Many children struggle with caregiving decisions regarding a parent or parents with whom they have had complicated relationships, especially if they were physically, emotionally or sexually abused.
Most families can claim some dysfunctionality, but abusive environments should never be considered normal or irreverent. Longstanding wounds from childhood can carry over into adulthood, making relationships with parents tenuous at best and very uncomfortable. It is such an untenable position for a child to be placed in a situation in which he or she must manage the care of that parent, especially on the arduous journey of Alzheimer’s disease.
In the August 2015 volume of The Gerontologist, social worker Jooyoung Kong and researcher Sara M. Moorman reported that children who were abused are more vulnerable to depression when tending to their abusive parents. Hiding and/or ignoring memories and feelings — and the many physical, mental and emotional complications they can trigger and aggravate — can cause great stress, anxiety and depression.
The study also indicated that caregivers with a history of maltreatment should be aware of the risk they are taking, in that they themselves may be prone to become the abuser, who perpetuates a tragic, damaging cycle.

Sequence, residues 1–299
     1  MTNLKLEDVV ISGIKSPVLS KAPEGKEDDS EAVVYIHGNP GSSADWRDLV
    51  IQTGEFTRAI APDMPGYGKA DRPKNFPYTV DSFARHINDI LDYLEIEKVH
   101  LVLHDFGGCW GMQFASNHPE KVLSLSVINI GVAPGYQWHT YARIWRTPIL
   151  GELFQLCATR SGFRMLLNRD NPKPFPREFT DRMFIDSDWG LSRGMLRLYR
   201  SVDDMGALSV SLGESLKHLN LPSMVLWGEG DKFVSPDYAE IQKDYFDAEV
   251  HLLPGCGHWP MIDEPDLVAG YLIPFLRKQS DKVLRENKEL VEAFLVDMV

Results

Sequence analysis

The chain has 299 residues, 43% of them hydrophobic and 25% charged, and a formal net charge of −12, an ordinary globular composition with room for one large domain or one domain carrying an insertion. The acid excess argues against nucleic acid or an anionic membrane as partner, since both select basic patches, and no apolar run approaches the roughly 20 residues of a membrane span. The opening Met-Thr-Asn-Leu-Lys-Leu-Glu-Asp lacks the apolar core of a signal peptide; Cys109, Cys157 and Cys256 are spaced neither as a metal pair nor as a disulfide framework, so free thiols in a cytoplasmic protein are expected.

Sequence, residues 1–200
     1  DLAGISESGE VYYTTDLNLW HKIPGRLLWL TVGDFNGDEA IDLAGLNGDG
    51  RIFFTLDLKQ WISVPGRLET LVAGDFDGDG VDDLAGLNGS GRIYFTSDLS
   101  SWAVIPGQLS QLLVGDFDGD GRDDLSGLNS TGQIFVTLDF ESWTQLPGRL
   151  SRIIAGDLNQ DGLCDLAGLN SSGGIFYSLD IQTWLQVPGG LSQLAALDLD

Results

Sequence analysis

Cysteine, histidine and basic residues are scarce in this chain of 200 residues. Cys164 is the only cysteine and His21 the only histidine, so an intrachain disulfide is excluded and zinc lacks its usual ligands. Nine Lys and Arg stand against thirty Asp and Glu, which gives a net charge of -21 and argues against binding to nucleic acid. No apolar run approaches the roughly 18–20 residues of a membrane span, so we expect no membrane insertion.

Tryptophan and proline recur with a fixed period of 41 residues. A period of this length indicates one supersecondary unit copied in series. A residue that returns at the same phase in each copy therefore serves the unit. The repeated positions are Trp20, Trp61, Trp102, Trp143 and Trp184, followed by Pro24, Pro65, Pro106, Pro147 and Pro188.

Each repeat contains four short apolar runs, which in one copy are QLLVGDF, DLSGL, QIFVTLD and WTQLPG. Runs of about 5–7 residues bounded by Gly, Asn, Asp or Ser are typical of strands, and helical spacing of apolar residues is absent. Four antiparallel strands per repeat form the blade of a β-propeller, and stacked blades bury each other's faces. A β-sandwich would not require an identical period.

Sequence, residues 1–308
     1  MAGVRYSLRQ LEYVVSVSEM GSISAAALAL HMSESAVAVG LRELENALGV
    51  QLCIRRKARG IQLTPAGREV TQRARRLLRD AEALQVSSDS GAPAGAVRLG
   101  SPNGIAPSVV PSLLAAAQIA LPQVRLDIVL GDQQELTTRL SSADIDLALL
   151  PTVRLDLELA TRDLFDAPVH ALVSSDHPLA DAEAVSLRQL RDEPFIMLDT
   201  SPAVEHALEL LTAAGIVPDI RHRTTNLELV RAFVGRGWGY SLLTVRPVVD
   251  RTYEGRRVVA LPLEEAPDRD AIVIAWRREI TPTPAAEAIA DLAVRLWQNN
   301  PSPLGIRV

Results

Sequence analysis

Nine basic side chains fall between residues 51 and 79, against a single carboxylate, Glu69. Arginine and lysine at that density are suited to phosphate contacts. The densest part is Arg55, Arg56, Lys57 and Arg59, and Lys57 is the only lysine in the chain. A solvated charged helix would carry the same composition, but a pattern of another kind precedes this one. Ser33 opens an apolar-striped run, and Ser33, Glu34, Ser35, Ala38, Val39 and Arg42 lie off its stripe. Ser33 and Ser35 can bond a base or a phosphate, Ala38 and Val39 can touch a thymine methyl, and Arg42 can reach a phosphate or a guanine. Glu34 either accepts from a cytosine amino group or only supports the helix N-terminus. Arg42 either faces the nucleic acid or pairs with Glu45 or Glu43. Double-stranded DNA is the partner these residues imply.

Setting clear boundaries, calling on others to help and recognizing when it is time to let someone else be the frontline caregiver, either temporarily or permanently, are all ways to stop the cycle of abuse.
It’s important to get support and talk with others about your feelings and caregiving experiences. More than likely, accepting your past and getting over the hurt and resentment has been difficult as you take on managing the day-to-day care of your parent. The wounded-child-turned-adult caregiver who is carrying guilt from not wanting to take care of the abusive parent or who faces additional distress from reliving past experiences may need to consider some professional counseling before assuming the role of a full-time caregiver.
Some children of abusive parents are pressured into caregiving because of society’s expectations that they are responsible for their parents’ care. Understand that you always have options, and that there is no shame in finding peace and stepping aside. Outsourcing a parent’s care may be an option to consider as there are numerous health care providers that are available for contracting. Appointing a legal guardian could be another possibility, but keep in mind your parent would have to be legally proven incompetent for guardianship to be granted.
All caregivers should prioritize self-care, so set aside time for tending to your physical and mental health and well-being. Though past damage cannot be fixed quickly, and some things are simply unforgiveable, perhaps you can make your way to forgiving your parent and move forward to a healthier relationship.
Being aware that your parent is a human being with flaws and imperfections doesn’t negate what he or she did, however, it might help you on the road to acceptance, healing and a deeper understanding of his or her personhood and past history.